Go through it and tell me in the comments below how many you have already managed to check off.

Thanks for reading!

 

 

**Edit: Here is the link to the list of the books I have already read from this challenge :)

http://laurenecox.com/rory-gilmore-reading-challenge-checklist/

March 2, 2016

Book Review | Hook’s Daughter

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Hooks-Daughter-Heidi-Schulz-674x1024

Hook’s Daughter by Heidi Schulz is a middle grade novel that talks about, as the title suggests, Captain Hook’s daughter, Jocelyn. Jocelyn is an adventurer in a society where girls are expected to be prim and proper. Due to her wild antics, Jocelyn is sent to a finishing school, but after receiving a letter from her now deceased father, she runs away to avenge his death by the hand (or mouth, as the case may be) of the Neverland Crocodile. Along with Mr. Smee, Jocelyn gathers a crew and set sail on her ship, Hook’s Revenge, to find and kill the Crocodile.

I don’t read middle grade books very often, but this one was too good to pass up. I mean, t’s a Peter Pan retelling. I love Peter Pan so of course I wanted to read about the dear Captain’s daughter.

I thought the writing in this was great. It reminded me of Lemony Snicket’s writing style. The narrator of the story (possibly the deceased Captain Hook) will say very sarcastic things every now and again that remind me of passages from A Series of Unfortunate Events. Here’s an example from page 41:

“I have faced down some horrors in my day – ferocious animals, fangs gleaming and hungry for human flesh; fierce men with murder in their eyes; my own dear mother on wash day.”

This is the type of stuff you will find when reading this book.

As far as the characters go, Jocelyn is a great main character. Even though she is a little kid, she isn’t portrayed as being painfully immature. She is intelligent, caring, and has the makings of a phenomenal pirate captain. The secondary characters are also wonderful, especially Jocelyn’s crew on Hook’s Revenge. The crew is made up of these low-tier pirates who have fake injuries and battle stories, but she puts up with it/plays along with it.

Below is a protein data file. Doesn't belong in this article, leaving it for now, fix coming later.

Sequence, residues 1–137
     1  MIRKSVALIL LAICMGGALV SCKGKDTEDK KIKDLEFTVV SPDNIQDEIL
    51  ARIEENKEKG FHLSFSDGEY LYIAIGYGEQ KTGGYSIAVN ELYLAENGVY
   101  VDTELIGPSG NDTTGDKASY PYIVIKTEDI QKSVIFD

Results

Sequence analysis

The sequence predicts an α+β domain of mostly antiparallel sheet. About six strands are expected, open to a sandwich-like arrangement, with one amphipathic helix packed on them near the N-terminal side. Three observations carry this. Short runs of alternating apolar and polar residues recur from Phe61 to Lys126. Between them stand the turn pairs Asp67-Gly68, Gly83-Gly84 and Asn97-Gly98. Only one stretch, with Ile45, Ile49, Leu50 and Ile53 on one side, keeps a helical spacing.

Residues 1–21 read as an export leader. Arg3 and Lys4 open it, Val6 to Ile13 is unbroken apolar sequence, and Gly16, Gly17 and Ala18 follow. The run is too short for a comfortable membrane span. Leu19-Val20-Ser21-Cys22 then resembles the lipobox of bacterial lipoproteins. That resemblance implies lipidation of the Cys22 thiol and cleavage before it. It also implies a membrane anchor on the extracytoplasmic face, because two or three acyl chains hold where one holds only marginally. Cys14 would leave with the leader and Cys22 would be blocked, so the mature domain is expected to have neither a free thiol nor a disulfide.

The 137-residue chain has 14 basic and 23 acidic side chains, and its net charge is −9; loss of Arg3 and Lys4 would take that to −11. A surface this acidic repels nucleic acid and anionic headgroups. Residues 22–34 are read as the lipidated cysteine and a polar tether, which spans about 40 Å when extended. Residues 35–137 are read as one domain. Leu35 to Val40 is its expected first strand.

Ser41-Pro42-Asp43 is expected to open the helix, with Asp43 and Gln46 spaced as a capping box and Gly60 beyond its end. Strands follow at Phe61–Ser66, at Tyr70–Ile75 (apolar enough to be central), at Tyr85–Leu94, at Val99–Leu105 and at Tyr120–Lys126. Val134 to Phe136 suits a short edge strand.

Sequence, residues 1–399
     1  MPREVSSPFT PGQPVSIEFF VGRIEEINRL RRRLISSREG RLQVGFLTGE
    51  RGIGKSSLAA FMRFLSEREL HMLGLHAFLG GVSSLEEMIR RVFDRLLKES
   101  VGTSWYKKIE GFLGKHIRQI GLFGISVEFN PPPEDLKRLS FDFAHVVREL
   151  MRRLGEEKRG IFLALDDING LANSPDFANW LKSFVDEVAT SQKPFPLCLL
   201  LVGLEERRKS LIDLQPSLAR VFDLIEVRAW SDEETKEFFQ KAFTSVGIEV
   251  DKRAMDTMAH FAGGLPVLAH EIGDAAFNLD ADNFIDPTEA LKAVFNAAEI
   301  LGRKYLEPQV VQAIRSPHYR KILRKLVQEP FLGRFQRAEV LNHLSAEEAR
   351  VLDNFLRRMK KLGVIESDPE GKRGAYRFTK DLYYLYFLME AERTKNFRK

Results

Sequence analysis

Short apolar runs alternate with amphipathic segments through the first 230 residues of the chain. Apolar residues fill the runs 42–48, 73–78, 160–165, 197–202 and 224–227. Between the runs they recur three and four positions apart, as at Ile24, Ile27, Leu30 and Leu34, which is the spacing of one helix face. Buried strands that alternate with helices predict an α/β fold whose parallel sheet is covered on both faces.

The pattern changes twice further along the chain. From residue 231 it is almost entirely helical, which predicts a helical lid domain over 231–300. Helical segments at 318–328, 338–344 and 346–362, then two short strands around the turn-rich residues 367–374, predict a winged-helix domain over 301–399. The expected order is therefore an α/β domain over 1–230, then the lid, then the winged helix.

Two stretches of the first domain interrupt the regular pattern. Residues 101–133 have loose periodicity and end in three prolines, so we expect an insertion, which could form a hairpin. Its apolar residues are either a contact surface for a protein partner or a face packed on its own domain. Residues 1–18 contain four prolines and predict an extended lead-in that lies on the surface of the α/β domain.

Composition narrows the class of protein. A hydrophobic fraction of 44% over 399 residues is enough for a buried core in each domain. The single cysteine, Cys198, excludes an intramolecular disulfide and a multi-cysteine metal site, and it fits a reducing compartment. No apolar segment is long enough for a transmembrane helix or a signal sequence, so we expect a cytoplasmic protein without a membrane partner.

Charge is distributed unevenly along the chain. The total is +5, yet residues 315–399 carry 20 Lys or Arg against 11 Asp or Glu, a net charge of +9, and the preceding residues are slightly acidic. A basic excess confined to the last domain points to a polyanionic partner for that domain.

If you look at the tagline on the cover it says that “Peter Pan has met his match.” However, Peter isn’t in the novel very much. He appears maybe twice, although his name does pop up a lot. However, other familiar characters appear in Neverland, such as the Lost Boys and Mr. Smee.

I believe this is the first in a series of middle grade books. I don’t know if I will be continuing this series right now as I have other TBR books that are more of a priority, but maybe a little ways down the line, I will continue with it as I did enjoy the characters.

If you like Peter Pan as much as I do, action and adventure, and/or writing styles similar to Lemony Snicket, I highly recommend you check this out.

Thanks for reading!

March 2, 2016

February Wrap-Up

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Hey there Literature Lovers! I hope you are doing well! Sorry for the lack of posting. College graduation is creeping up, and, of course, with this being my final semester, there is a lot of work to get done.

Today I thought I would just quickly share what books I read during the month of February. I’m planning on doing some individual reviews of some of these books either on here or possibly on my YouTube channel (I’ve never filmed myself talking on there before and I’ve finally decided it’s high time I give it a shot!). Those reviews should be coming out soon.

Here’s what I’ve read last month:

Hook’s Daughter by Heidi Schulz (*renamed to Hook’s Revenge)

Review: http://laurenecox.com/hooks-daughter

A Little in Love by Susan Fletcher

Review: http://laurenecox.com/a-little-in-love

Signs Point to Yes by Sandy Hall

The Chaos of Stars by Kiersten White

Review: http://laurenecox.com/the-chaos-of-stars

Crush du Jour by Michel Ostow

The Potion Diaries by Amy Alward

Love by the Book by Melissa Pimentel

Remeberance (The Mediator #7) by Meg Cabot

Franny and Zooey by J.D. Salinger

To All the Boys I Loved Before by Jenny Han

P.S. I Still Love You by Jenny Han

 

What books did you read last month? What are you currently reading? Let me know in the comments below.

Thanks for reading!

February 2, 2016

January Wrap-Up

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Hey everyone! Here’s a quick list of all the books I read last month. Share yours in the comments below!

 

Shopgirl by Steve Martin

Unbelievable by Sara Shepard

Wicked by Sara Shepard

The Thorn and the Blossom by Theodora Goss

Hiding out at the Pancake Palace by Nan Marino

My Name is Mina by David Almond

The Miracle Worker: A Play by William Gibson

Second Star by Alyssa B. Sheinmel

The Proposal: A Mediator series novella by Meg Cabot